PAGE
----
TEMPE, Ariz. -- After his 14th game last year at Stanford, Stepfan Taylor was done for the season.
Not so much this year. He’s already played 15.
Taylor is among the Cardinals’ rookies who have surpassed the equivalent of an entire college season -- conference championship and bowl games included -- and they still have five games to go. For some, their bodies are wondering what’s going on. For others, they’ve been able to combat the grind of what will be a 20-game season, with preseason included. And with a big win over Indianapolis last weekend, there’s a possibility for more.
“I try to take good care of my body so I don’t hit a wall,” Taylor said. “I feel fine. I know some people out here are feeling it, but I feel good. I try to do a good job of taking care of my body and make sure I stay on top of things. There’s definitely times where you’re like, ‘Alright this is way longer than a college season,’ and it hits you we still have six more games.”
The key, the rookies learned, is taking care of yourself. Massages, cold tubs and foam rolling are commonplace throughout the locker room, but the rookies figured out early how crucial they are to helping their bodies last.
Taylor also does yoga.
Safety Tyrann Mathieu makes sure he goes to sleep early.
Running back Andre Ellington gets in the hot tub, too.
“I’m pretty durable, but I mean I could just feel my body [saying] what are you doing? What’s going on?” safety Tony Jefferson said. “I think I can speak for everyone, everybody’s feeling it.
“I don’t think there’s no preparing for it. It’s gonna happen. It’s what you do when it happens or what you can do before it happens. But yup, I’m definitely there.”
Cardinals strength and conditioning coordinator John Lott warned the rookies that they’ll start feeling the effects of the season after Week 5 and then it would hit them again around this time of year. And he was right, Taylor said.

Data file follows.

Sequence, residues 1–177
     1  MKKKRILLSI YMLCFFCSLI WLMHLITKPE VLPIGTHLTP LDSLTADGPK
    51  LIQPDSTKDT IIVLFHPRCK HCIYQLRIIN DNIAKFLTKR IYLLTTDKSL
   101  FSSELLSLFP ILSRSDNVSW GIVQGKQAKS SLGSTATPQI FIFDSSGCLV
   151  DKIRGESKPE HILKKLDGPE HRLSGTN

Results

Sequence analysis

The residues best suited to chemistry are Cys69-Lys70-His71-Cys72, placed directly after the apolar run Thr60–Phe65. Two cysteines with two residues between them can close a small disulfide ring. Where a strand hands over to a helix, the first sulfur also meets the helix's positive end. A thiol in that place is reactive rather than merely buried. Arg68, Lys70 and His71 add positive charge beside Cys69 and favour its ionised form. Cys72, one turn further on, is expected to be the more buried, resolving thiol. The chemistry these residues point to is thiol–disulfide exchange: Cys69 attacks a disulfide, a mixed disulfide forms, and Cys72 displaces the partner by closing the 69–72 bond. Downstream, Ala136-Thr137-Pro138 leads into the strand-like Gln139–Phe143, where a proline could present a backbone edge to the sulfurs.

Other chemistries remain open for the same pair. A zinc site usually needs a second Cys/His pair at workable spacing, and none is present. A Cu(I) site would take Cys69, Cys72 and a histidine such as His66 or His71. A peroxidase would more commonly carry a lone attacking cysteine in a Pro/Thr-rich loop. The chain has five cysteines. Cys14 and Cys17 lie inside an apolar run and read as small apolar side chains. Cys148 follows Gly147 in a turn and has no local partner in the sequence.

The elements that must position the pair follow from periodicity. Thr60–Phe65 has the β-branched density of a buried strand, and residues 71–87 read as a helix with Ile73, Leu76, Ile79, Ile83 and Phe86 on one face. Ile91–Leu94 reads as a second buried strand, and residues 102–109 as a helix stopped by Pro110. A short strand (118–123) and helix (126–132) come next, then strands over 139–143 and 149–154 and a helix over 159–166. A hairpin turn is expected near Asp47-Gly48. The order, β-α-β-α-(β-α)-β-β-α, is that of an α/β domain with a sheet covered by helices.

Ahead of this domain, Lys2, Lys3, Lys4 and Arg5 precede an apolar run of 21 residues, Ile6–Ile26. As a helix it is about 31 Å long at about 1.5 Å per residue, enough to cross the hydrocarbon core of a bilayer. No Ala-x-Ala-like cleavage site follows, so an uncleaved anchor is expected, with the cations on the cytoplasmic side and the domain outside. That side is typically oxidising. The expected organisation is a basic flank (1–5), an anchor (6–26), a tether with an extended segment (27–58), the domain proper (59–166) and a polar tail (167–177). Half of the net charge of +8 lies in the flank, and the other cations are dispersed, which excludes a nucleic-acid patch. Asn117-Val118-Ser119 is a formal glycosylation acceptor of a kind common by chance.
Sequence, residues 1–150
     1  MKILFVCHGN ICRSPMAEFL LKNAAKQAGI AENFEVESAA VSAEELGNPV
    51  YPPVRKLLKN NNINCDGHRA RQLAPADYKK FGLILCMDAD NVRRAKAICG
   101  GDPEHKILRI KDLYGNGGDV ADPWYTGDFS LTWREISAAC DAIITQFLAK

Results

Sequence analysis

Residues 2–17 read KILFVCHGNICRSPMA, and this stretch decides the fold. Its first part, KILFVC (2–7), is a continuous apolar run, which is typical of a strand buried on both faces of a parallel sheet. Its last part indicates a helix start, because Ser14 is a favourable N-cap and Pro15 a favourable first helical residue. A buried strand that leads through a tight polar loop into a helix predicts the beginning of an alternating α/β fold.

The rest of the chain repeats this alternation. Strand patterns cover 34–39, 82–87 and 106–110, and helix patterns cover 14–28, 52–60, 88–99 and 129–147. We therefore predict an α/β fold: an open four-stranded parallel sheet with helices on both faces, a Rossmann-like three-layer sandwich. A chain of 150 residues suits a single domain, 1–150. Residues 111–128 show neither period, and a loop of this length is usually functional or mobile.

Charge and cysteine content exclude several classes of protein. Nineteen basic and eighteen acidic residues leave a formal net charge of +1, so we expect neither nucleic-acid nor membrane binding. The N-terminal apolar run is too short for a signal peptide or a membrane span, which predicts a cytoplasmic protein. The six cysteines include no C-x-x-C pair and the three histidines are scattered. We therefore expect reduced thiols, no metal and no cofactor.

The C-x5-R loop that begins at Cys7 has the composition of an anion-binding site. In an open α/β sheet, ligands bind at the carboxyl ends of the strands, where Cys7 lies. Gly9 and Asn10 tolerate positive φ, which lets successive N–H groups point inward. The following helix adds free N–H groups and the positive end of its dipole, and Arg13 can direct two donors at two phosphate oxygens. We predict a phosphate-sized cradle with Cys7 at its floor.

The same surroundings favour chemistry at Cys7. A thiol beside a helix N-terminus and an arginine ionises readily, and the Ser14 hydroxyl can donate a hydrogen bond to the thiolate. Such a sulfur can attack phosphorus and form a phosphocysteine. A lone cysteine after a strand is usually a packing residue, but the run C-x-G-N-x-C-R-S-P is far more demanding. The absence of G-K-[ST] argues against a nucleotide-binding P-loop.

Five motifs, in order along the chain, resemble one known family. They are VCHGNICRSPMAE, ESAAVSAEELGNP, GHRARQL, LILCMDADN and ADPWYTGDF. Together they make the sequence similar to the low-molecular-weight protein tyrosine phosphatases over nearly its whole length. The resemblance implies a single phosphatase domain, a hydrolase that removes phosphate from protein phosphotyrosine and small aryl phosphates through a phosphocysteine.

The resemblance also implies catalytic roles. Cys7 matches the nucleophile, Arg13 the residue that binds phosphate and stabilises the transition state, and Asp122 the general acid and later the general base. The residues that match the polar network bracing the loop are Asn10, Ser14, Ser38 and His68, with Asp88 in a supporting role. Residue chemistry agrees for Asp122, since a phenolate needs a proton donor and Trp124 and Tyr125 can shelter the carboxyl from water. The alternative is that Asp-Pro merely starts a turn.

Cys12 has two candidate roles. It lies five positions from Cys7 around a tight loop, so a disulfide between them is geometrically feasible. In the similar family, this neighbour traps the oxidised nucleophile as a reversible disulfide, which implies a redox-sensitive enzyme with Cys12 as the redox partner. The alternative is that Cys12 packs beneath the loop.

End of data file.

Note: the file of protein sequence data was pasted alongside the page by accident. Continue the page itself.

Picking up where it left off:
Taylor also began realizing how long of a season he was in for after the fifth game.
To Mathieu, he hit a point in the last few weeks where everything he was doing seemed redundant. He was seeing the repetition and routine that comes with being a professional football player.
“We still got [five] games left,” he said. “That’s what I’m trying to wrap my head around. Hopefully I can stay how I’m feeling right now.”
Cardinals coach Bruce Arians said he doesn’t start watching for his rookies to hit a wall until after Thanksgiving. He already noticed Ellington start to hit one last week in practice. After calling out the former Clemson star last Thursday, Ellington responded with a strong practice Friday.
Taking the physical precautions has become the easiest part of withstanding an NFL season. The rookies are working on overcoming the mental hurdles of playing between six and eight more games in a season than they’ve been used to for the last three or four years.
“It’s kinda crazy but at the same time you don’t get burned out during the week in practice,” Ellington said. “They take care of us a lot. When you get to the game you let it all out and you got a chance to recover, as opposed to college. You got to go to class, work out, so it’s different.”